I’m not such a bad person

I got to thinking today that I’m not such a bad person.  I donate to charity when I can (Salvation Army today) and I try to be nice to people in general.  I say please and thank you. I wish people a good weekend or a happy holiday.  I’ve got a lot more patience than I give myself credit for and I try to do good.  Sometimes I don’t succeed at that because I am afraid. 

Although I can be negative, cynical and a pessimist, I’m generally not mean.  I try to be a supportive wife, friend, daughter and aunt, although my siblings and I are at odds.  I like to help people; I especially like to help people understand things like math or science.

My self-esteem is low, but I still think I’m not a bad person. (Ask me a different day and I may give you a different answer.) Sometimes I think about what it would be like to have a healthy self-esteem.  I’ve always worried that by working on my self-esteem I would become over-confident and perhaps narcissistic.  Supposedly, that’s not the case, but since we are going to be working on my self-esteem in therapy, I’ll let you know how it goes.

Anyway, I just wanted to let you know that for today, at least, I don’t think I’m a bad person. 🙂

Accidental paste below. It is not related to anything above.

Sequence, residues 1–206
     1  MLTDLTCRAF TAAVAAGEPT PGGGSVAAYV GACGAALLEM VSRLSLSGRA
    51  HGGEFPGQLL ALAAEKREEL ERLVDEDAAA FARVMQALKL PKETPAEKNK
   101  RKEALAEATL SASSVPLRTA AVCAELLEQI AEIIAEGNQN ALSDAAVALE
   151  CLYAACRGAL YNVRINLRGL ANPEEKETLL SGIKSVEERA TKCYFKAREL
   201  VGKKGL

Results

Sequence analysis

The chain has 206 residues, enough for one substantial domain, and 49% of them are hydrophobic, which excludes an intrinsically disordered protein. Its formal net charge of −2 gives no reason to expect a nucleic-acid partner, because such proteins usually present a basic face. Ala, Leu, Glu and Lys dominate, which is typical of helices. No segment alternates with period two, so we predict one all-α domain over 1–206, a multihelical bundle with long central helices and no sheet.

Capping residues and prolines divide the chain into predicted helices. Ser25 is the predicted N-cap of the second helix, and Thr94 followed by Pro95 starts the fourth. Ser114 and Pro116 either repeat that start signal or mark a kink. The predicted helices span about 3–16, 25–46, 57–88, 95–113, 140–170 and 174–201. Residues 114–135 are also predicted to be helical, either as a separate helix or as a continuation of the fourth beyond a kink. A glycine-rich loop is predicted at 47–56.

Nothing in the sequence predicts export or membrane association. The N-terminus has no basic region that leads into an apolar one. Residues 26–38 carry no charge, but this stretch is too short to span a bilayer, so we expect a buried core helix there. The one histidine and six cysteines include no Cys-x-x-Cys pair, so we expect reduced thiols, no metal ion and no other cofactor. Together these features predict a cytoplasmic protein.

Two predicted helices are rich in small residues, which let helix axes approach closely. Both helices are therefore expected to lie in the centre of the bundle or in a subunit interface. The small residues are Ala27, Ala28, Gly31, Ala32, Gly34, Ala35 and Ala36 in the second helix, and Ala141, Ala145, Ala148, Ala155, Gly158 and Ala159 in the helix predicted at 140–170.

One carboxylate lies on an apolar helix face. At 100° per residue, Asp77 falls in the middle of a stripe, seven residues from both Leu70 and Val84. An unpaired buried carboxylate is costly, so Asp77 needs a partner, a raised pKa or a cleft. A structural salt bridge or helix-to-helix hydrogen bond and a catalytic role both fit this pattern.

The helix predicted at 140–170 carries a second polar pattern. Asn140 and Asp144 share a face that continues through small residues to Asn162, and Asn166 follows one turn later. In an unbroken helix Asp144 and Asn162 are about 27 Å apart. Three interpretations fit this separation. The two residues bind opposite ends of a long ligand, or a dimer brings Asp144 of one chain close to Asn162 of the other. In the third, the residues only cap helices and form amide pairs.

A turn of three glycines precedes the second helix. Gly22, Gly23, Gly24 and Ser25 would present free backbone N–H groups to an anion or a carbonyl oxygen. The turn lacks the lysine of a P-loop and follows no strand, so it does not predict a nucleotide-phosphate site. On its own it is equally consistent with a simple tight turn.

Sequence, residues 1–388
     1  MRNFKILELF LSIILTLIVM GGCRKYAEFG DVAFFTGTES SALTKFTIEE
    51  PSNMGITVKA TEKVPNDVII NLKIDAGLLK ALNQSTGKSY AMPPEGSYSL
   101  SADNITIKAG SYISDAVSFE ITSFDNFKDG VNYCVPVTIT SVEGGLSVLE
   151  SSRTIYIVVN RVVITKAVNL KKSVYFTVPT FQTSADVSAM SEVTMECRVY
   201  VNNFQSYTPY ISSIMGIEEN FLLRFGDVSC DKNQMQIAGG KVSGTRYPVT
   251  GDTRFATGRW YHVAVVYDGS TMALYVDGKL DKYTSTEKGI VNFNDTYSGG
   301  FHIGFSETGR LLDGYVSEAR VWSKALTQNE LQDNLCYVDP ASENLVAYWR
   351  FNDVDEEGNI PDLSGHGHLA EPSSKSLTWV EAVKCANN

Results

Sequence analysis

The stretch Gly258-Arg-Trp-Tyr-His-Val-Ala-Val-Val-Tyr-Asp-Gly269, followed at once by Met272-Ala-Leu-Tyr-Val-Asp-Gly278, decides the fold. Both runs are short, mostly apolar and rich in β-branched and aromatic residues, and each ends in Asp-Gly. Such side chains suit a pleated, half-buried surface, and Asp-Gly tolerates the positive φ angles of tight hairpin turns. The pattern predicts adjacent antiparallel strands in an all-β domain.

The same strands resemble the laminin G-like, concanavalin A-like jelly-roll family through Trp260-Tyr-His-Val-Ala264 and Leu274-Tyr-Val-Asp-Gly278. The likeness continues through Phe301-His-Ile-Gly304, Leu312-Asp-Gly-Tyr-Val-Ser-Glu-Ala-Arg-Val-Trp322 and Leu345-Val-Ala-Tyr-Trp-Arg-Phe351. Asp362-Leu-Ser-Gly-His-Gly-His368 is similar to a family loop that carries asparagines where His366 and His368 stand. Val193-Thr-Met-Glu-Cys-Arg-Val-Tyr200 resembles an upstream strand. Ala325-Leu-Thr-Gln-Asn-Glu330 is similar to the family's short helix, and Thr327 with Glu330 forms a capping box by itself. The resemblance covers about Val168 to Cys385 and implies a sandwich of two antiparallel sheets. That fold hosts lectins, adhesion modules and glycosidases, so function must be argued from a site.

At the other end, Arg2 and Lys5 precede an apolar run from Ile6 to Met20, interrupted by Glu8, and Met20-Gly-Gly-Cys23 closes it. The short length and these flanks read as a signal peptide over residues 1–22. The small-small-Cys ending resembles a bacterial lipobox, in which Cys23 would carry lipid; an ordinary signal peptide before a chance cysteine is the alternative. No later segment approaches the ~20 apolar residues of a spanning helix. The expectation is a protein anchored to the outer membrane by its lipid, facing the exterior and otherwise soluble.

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7 thoughts on “I’m not such a bad person

  1. Monday! Of course you aren’t a bad person. If you were, then you would just allow those around you to be the catch all for your moods and whims – but you aren’t. You’re going to therapy and engaging in some pretty healthy self-reflection. You are worthy!

  2. I second ManicMuses! During these times for me my therapist would always say, “It’s not about learning that “you’re ok”. Its learning “I”m not ok, you’re no ok, and that’s ok.” Just that reminder that we’re human…and therefore, not perfect!

    Glad you’re working on spending time on your self esteem.

    • It’s difficult for me to internalize that because I am such a perfectionist which is why things never get done – I am never satisfied. I am trying to get better at accepting compliments and not being so hard on myself. It’s difficult but I’m learning. 🙂

  3. Self-esteem is never fixed in one place. It is naturally allowed to fluctuate, low and high. We all react and see things differently depending on our moods, which also change. You can learn techniques to help boost your esteem and how you perceive and interpret things and I hope it works for you. 🙂

    • I have seen those fluctuations in myself. It’s easy to have (inflated) self-esteem when you are manic, and very difficult to have any at all while depressed. I am reasonably stable at the moment, so it’s a good time to work on self-esteem. How this will translate during mood episodes remains to be seen.

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